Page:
Fr. Glenn: Fear Of Truth

By Fr. Glenn Jones:

Here we are in mid-August … another election just around the corner. Oh boy … oh joy (max eye roll). Slanted news stories, and out-of-context—or simply made up—quotes abound. Doctored videos and recordings, cancel culture, bullying of those with contrary opinions … especially on social mean-ia. The assertion of examples of extreme behaviors or events as societal norms in order to buttress contrary positions. Arguing adversaries leaping from point to point as soon as a position begins to crumble rather than continuing to a logical conclusion … bringing to mind: “A fool takes no pleasure in understanding, but only in expressing his opinion.” (Proverbs 18:2) 

Newsroom interview/discussion shouting matches with everyone speaking simultaneously … none listening—the goal seemingly to score “gotcha!” points rather than advance knowledge (this latter point seems to have spilled over even in daily conversations; often one can hardly begin to speak in normal daily discussion nowadays without being interrupted). Why are people, one muses, so afraid to dialogue civilly and patiently … and truthfully?

One can’t help but wonder whether those who limit, or even refuse, civil discourse and dialogue are simply afraid of having their minds changed … to have to acknowledge that their own reasoning or knowledge is faulty, or even admit that they are (gasp!) wrong. 

A movie scene that I find myself often recalling—and envying—is that in “Dances with Wolves” when the Sioux village leaders are discussing the lone soldier (Kevin Costner) who had planted himself in the nearby theretofore abandoned fort. Each of the leaders gave his observations and opinion calmly and without interruption … the others politely and attentively listening and considering carefully the comments before themselves speaking (what a concept!). Such wise dialogue is what the rules of order in many legislative houses, committees and councils are meant to cultivate. But, alas … such seems to be becoming increasingly rare, with members often opting rather for a quick moment in the spotlight via extreme and rude behaviors.

Many institutions of higher learning trumpet the phrase: “You shall know the truth, and the truth shall make you free”… quoting Jesus (John 8:32). While we Christians believe, of course, that Jesus had an absolute grasp of truth and, indeed, IS truth (“I am the way, the truth and the life” (John 14:6)) … the rest of humanity, not so much. Thus John Milton wrote: “Where this is much desire to learn, there of necessity will be much arguing, much writing, many opinions; for opinion in good men is but knowledge in the making.” (Areopagitica).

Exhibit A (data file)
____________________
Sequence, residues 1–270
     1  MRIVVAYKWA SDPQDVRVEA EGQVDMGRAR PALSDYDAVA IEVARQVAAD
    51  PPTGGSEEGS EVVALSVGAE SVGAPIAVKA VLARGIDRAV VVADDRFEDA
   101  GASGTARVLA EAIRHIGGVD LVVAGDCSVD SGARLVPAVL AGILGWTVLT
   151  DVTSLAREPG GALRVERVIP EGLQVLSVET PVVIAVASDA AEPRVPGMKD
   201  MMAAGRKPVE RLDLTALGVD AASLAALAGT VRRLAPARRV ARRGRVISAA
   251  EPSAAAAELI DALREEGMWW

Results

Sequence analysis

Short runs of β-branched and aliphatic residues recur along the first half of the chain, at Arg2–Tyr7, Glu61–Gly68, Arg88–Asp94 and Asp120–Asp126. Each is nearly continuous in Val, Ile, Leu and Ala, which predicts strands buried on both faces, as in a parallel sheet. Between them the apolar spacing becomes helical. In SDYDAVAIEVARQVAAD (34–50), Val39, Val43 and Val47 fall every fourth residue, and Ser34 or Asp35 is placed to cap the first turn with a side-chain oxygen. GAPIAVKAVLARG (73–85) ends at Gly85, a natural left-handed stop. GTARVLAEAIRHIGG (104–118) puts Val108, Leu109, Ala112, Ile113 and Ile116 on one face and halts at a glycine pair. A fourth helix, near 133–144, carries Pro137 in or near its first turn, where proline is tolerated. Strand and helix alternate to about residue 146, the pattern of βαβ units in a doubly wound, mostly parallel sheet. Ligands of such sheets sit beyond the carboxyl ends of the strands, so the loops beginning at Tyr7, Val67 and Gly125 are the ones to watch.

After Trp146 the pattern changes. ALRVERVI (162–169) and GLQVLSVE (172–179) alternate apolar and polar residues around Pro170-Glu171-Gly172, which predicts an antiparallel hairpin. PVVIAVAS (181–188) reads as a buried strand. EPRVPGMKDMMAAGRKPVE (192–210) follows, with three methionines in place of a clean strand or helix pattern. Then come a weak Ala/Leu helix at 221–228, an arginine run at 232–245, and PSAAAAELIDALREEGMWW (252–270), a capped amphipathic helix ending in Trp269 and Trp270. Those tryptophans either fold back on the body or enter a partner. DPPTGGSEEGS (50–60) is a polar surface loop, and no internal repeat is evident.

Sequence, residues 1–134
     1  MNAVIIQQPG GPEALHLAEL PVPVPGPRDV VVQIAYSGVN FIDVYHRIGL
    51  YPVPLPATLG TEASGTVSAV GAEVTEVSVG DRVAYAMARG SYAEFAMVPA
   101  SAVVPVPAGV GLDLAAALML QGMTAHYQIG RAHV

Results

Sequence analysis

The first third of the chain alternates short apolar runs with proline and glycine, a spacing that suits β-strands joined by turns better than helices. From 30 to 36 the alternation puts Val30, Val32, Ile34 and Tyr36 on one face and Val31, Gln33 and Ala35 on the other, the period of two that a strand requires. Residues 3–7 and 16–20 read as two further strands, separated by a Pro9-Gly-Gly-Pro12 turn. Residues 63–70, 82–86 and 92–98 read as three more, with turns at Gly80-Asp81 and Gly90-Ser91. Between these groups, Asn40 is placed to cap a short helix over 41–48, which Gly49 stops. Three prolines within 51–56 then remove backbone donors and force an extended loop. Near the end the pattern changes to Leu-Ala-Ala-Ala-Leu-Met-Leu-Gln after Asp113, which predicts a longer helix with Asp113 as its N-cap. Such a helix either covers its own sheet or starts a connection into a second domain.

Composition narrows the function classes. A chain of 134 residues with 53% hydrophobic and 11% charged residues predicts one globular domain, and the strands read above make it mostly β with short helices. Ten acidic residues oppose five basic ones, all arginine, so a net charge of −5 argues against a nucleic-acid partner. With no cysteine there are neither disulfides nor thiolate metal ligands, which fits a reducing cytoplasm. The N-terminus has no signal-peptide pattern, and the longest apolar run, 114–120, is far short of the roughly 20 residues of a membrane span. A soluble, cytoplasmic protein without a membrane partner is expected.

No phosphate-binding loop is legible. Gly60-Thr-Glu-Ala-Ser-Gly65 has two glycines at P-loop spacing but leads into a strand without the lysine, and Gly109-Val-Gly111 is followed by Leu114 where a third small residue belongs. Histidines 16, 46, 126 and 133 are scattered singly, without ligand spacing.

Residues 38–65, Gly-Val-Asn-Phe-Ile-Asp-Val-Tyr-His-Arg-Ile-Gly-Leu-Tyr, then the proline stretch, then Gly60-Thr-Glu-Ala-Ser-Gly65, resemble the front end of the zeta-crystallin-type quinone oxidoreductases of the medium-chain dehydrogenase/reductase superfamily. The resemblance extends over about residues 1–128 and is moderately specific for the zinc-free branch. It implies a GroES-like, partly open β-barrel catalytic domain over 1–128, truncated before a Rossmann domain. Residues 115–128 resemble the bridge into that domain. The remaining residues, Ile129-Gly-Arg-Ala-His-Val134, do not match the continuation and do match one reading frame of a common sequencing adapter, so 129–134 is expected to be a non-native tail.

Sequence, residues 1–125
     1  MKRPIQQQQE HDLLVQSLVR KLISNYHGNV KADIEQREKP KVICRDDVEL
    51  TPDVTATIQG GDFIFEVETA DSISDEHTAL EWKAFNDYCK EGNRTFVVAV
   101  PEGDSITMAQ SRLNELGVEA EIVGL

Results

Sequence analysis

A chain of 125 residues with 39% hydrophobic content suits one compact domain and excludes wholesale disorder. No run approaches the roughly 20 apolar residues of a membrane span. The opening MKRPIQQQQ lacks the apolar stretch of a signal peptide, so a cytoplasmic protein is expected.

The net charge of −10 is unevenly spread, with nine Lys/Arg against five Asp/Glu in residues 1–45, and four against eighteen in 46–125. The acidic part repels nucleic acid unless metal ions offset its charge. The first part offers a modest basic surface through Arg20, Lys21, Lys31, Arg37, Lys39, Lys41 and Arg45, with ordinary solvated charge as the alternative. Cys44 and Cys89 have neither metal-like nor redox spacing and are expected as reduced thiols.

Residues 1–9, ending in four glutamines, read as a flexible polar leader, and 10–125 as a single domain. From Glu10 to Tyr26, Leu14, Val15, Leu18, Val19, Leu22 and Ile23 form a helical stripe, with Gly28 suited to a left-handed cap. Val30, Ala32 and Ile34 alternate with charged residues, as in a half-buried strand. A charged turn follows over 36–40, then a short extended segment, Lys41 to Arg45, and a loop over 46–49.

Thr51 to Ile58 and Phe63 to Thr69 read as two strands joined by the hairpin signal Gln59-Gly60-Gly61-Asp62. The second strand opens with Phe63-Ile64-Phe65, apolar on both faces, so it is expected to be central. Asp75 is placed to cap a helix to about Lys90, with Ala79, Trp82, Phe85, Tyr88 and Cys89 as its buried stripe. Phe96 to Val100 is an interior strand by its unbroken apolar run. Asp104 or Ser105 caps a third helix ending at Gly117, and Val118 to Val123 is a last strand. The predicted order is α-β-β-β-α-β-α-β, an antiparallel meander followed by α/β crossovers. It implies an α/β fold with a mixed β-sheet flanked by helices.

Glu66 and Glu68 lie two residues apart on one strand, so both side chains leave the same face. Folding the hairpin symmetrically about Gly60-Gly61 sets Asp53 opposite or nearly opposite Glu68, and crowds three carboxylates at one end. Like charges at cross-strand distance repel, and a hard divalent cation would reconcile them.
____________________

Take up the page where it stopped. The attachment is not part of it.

Anyone who has taken a philosophy (the word meaning “love of wisdom”) class knows that patient dialogue and debate is an absolute in order to come to reasoned opinion or theory. It’s the same with science. What scientific and mathematical understanding and theory could possibly be obtained if scientists, engineers and mathematicians didn’t listen thoroughly and completely to one another and thereby build upon verifiable knowledge already obtained? In other realms, should we refuse to listen and build upon that which has been found valid and truthful, we end up spinning our wheels—or worse—in accordance with that rather hackneyed (yet truthful) adage that those who do not know history are doomed to repeat it.

The French author Francois de La Rochefoucauld wrote: “The true way to be deceived is to think oneself more clever than others,” (Maxim 127) and “We rarely find that people have good sense unless they agree with us” (Maxim 347) … a fault that society seems to have in spades these days, and one that is counterproductive in the extreme. Theory must be tested in the crucible of reasoned (and courteous) discussion and debate, else they are simply unproven ideas. And, if we refuse discussion, that’s all they’ll ever be; feelings and emotions alone are no guarantors of truth.

So … let’s be rebels! … rebelling against the common trend of the day and actually discussing ideas with others with all courtesy and patience, and reject interjecting snarky and misleading comments in speech or media. This is yet another way we can start to be lights to the world that are good … and what Jesus calls us to be. Courtesy and patience ARE virtues, after all, so St. Paul writes: “…speak evil of no one, to avoid quarreling, to be gentle, and to show perfect courtesy toward all men.” (Titus 3:2)

Knowledge, wisdom and truth are as precious as gold, but to find them we must be as prospectors, taking all into our pan, patiently washing through it with water of reason before we can obtain valuable nuggets.  However, a prospector who refuses to work, or to wash away valueless detritus, finds little, if any, wealth.

Rev. Glenn Jones is the Vicar General of the Archdiocese of Santa Fe and former pastor of Immaculate Heart of Mary Catholic Church in Los Alamos.

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